A group of researchers compared data from 70 years ago to data from today. They found over 800 stars vanished mysteriously.

History would have us believe that the night sky is permanent and unchanging. After all, for centuries, navigators have used fixed stellar patterns to guide their ships. And our eyes continue to draw the exact outlines of the same heroes and villains that astronomers have identified for millennia. But what if we haven’t been paying attention? What if our night sky is changing, and some stars suddenly wink out of visibility?

A group of researchers from the Vanishing and Appearing Sources during a Century of Observations (VASCO) project want to know all kinds of vanishing objects in the night sky and what could be causing their disappearance.

Even though our current understanding suggests that stars change slowly, and that mysterious disappearances should leave traces, this does not mean that all stars shine continuously. In fact, variable stars that pulsate and change in brightness, fill the sky.

VASCO is looking for anything that goes from being a perfectly stable star to utterly disappearing. Researchers haven’t seen this before, and it’s the kind of discovery that could lead to new physics.

Modern automated telescopes can catalog the entire sky at a rate that previous generations of astronomers could only imagine.

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The VASCO team is comparing data from 70 years ago to today’s data to determine how the sky has evolved. The team’s hunt for high-quality historical data led them to use both old and modern telescopes to conduct a survey. So far, the survey has yielded more than 800 missing stars. Scientists will need to process and analyze in-depth many of them. While there is no perfect match for a vanishing long-lived, stable star, most of the candidates discovered are intriguing in their own right.

They discovered several transients that appear on one image and then vanish. These account for the majority of what they’ve found so far. But there are a few more things they’re not sure about.

So they looked at some of these short-lived transients, and they don’t appear to be M-dwarf flares (massive outbursts caused by tangled magnetic fields of dim red dwarf stars that can cause them to brighten by a factor of 100 or more) or supernovae.

Other less likely candidates include variable stars and catastrophic variables or novae. Novae are eruptions on the surface of white dwarf stars in binary systems.

None of the sources are close to a known variable. Also, the companion star in a nova system should be faintly visible even if the white dwarf isn’t.

Scientists said several of these objects flared up to at least eight to nine magnitudes, or several thousand times brighter in a relatively short time, but fade in just a few minutes.

Of course, with 800 candidates, there’s still a lot of work to be done. And to be clear, it’s probably certainly a mixed bag of different types of items.

What could be the probable explanation if those 800 candidates turn out to include an ideal disappearing star?

One explanation could probably be a failed supernova that occurs when a massive star collapses into a black hole. Thus consuming the rest of the star from the inside out without causing a visible explosion. Also, no extra-terrestrial activity is involved in a failed supernova. However, this explanation has a lot of odds against it.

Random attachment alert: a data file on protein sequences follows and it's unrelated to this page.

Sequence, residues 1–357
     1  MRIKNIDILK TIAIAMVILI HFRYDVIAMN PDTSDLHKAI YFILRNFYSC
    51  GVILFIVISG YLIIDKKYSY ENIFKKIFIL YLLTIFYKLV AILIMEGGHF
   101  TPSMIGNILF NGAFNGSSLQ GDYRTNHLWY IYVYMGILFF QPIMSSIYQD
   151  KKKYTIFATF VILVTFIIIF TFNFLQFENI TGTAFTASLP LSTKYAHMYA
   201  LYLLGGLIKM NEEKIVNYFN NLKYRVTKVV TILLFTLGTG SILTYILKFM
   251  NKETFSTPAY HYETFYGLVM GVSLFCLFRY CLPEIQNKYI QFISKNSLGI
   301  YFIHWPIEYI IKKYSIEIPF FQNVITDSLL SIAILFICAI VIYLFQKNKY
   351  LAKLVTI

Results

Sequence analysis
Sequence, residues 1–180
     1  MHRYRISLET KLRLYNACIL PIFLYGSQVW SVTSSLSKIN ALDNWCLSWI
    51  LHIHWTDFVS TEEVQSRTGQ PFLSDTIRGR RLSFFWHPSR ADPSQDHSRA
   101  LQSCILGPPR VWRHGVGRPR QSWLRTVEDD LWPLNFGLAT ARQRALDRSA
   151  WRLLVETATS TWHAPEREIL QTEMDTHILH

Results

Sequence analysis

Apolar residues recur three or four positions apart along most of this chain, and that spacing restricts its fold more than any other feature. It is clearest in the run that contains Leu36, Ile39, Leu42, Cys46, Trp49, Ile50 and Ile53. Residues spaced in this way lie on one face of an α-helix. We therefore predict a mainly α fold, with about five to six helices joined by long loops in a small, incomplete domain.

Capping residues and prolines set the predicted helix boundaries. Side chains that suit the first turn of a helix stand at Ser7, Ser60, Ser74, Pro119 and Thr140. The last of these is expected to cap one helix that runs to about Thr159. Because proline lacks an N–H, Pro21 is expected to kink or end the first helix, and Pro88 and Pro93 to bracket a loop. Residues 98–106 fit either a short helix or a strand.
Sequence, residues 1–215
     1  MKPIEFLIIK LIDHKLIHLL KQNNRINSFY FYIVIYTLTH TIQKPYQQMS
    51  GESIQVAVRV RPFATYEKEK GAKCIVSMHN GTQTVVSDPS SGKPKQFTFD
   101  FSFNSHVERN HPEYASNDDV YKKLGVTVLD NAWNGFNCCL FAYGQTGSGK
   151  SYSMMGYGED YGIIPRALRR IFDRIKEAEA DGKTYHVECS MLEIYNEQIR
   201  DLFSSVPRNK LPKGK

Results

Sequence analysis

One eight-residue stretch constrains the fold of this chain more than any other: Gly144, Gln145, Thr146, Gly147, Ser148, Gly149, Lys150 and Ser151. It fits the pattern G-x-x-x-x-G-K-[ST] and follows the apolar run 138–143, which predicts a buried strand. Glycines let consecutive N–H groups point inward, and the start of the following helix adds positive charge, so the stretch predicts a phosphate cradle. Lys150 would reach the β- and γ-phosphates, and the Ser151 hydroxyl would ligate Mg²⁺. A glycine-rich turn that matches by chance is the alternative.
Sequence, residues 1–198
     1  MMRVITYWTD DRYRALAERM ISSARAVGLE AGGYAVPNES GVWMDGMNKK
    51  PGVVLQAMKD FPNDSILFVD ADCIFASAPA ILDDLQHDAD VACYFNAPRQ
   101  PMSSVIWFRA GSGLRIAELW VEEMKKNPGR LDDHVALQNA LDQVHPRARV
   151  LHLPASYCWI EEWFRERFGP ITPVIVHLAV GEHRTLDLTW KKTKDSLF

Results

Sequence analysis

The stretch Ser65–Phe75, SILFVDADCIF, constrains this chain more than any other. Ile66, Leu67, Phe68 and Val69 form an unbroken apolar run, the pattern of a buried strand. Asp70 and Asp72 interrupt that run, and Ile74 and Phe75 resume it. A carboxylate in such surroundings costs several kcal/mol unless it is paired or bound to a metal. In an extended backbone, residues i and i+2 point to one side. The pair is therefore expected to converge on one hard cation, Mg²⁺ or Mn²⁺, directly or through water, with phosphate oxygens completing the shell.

Other natural processes that would result in a star simply disappearing are difficult to imagine at the moment. Speculating on hypothetical novel physics that might be involved in this cosmic vanishing act is pointless unless a candidate appears with features that can be investigated.

However, this presents another possibility that has sparked VASCO’s imagination since the beginning: the prospect that seemingly impossible astronomical phenomena could reveal the existence of advanced alien civilizations.

An increase in telescope size and sensitivity, along with computing power, has brought astronomy into the “big data” era.

Nevertheless, many SETI scientists have argued that they are more likely to detect the presence of aliens through otherwise mysterious behaviors of stars and other objects than they are by radio signals intentionally or accidentally beamed in our direction by alien life.

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According to the hypothesis, if civilizations grow far enough, at least some of them would obtain the technology needed for stellar engineering. That would modify the appearance of stars in previously unexplainable ways. The Dyson sphere, a halo of orbiting power plants that would be the most effective way of harvesting energy from a star, is a classic illustration of this.

The VASCO team hints at exciting findings that have already surfaced from the data and are awaiting formal publication. Meanwhile, the VASCO project continues. Many of the candidates discovered so far are still awaiting analysis and confirmation. So far, scientists have examined only about a fourth of the sky.

Hopefully, more volunteer citizen scientists and new automation approaches being developed in partnership with the Spanish Virtual Observatory will speed up progress.

The researchers are now looking into the idea of putting together a citizen science project supported by artificial intelligence. This would aid in the discovery of new aspects of our night sky.

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